String isMandatoryStr = messageInfo.getMap().get(IS_MANDATORY);
String authContextID = Boolean.valueOf(isMandatoryStr).toString();

// Convert once again to Boolean, and set to MANDATORY or OPTIONAL policy
messagePolicy = Boolean.valueOf(authContextID)? 
    new MessagePolicy[] { MANDATORY_POLICY, null } : // response policy always null
    new MessagePolicy[] { OPTIONAL_POLICY, null }

IDEntry idEntry = configMap.get(“HttpServlet”).idMap.get(providerID);

// Set the definite request policy, but messagePolicy[0] is never null here
// for the “HttpServlet” layer
MessagePolicy requestPolicy = (messagePolicy[0] != null || messagePolicy[1] != null)?
    messagePolicy[0] :      // will always be chosen here 
    idEntry.requestPolicy;  // the policy as parsed from domain.xml, always unused 
   
Entry entry = new Entry(idEntry.moduleClassName, requestPolicy, idEntry.options);

// Pass the message policies into the SAM instance
ServerAuthModule sam = entry.newInstance();
sam.initialize(
    entry.getRequestPolicy(),
    entry.getResponsePolicy(), handler, map);

ModuleInfo moduleInfo = ModuleInfo(sam, map);

ServerAuthModule moduleObj = moduleInfo.getModule();
Map moduleMap = moduleInfo.getMap();
    
ServerAuthContext serverAuthContext = new GFServerAuthContext(moduleObj, moduleMap);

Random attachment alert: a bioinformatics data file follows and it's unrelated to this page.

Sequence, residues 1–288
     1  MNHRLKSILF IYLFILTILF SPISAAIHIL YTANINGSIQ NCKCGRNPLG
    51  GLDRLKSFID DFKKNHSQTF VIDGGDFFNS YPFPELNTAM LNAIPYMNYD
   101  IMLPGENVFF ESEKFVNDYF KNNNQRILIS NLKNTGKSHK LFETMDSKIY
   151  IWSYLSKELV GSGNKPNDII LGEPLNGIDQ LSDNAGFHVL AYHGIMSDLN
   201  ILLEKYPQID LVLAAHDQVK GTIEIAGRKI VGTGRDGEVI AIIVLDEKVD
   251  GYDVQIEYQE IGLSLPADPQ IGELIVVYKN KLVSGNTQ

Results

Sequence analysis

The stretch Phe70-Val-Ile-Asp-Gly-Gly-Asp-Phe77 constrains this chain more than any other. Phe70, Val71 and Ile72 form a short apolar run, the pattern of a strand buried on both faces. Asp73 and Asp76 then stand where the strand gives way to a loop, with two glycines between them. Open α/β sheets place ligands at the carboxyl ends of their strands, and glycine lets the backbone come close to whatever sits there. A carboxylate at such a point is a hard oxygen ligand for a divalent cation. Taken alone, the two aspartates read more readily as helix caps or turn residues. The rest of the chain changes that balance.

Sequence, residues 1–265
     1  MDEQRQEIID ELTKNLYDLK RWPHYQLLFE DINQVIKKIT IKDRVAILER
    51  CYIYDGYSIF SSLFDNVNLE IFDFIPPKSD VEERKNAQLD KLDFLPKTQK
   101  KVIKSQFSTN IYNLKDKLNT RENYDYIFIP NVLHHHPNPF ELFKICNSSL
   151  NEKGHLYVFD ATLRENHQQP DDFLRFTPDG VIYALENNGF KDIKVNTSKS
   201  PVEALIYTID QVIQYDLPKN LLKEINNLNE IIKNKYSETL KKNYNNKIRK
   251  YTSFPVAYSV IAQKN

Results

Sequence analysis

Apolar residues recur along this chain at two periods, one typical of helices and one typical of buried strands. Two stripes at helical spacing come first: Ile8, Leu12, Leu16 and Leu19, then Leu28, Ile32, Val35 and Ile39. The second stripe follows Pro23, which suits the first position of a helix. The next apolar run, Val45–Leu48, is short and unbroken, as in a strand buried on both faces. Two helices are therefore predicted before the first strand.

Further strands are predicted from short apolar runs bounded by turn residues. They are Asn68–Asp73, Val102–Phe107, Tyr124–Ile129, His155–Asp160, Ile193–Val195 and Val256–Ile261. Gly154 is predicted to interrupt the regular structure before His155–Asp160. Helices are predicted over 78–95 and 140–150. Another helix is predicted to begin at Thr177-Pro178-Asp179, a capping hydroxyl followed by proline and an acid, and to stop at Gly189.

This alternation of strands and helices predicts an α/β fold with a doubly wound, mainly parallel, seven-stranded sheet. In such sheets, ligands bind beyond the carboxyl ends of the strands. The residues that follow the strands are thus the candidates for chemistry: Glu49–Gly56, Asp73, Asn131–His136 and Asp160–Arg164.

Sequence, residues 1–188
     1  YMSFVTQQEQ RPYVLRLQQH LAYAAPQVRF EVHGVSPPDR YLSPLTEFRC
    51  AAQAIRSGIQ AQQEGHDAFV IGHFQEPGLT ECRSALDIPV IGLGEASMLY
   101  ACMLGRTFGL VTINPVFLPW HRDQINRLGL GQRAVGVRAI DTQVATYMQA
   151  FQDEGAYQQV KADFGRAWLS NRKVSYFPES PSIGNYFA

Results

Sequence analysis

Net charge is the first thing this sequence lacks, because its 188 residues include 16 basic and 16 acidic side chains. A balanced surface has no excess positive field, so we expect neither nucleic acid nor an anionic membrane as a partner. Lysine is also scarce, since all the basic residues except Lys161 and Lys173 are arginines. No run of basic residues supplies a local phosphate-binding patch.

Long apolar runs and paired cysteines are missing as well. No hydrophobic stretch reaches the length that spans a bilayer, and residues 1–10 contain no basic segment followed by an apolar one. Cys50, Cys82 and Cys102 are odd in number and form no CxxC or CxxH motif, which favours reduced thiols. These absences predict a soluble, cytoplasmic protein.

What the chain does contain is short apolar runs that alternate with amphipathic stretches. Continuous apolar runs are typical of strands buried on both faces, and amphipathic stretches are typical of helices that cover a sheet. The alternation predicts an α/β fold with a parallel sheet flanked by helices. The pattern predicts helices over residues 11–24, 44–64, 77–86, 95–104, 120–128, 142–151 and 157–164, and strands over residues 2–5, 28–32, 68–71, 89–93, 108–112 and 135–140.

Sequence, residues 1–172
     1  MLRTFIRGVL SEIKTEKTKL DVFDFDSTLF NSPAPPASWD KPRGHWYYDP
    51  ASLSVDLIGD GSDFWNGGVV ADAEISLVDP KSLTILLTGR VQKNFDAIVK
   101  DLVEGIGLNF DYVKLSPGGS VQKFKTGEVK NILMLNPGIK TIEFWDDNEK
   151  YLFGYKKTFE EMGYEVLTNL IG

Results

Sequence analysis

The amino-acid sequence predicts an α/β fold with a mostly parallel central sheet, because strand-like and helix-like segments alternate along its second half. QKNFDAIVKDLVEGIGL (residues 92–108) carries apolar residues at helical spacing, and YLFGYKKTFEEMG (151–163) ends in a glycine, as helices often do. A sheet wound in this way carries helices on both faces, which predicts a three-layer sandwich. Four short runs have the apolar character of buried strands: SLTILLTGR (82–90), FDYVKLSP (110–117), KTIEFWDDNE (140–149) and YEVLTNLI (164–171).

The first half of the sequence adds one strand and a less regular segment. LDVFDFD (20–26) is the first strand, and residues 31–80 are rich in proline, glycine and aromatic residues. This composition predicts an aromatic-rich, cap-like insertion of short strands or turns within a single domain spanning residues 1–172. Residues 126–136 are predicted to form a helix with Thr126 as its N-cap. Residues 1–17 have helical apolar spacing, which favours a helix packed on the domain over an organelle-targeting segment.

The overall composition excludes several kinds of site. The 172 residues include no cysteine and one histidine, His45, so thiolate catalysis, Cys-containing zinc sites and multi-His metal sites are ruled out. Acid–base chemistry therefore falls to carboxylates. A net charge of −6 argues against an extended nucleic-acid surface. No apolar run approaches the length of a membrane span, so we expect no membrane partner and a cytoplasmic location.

// Invoke the context, which on its turn will invoke the SAM we just initialized 
AuthStatus authStatus = serverAuthContext.validateRequest(messageInfo, subject, null);

As can be seen, despite there being a path for setting the parsed request policy from domain.xml (the idEntry.requestPolicy), the code always chooses between one of two fixed policies; MANDATORY_POLICY or OPTIONAL_POLICY, depending on the same IS_MANDATORY value ("javax.security.auth.message.MessagePolicy.isMandatory") that is put in the message info map.

Those two fixed policies are set as static final variables as follows:

private static final MessagePolicy MANDATORY_POLICY =
    getMessagePolicy(true);
    
private static final MessagePolicy OPTIONAL_POLICY =
    getMessagePolicy(false);
Where the getMessagePolicy() method has the following relevant content (code branches that were never taken have been cut out again):
public static MessagePolicy getMessagePolicy (boolean mandatory) {
        
    List<TargetPolicy> targetPolicies = new ArrayList<TargetPolicy>();
       
    targetPolicies.add(new TargetPolicy(
        null, // No Target
        new ProtectionPolicy() {
            public String getID() {
                return ProtectionPolicy.AUTHENTICATE_SENDER;
            } 
        })
    );
         
    return new MessagePolicy(
        targetPolicies.toArray(new TargetPolicy[targetPolicies.size()]),
        mandatory);
}

Conclusion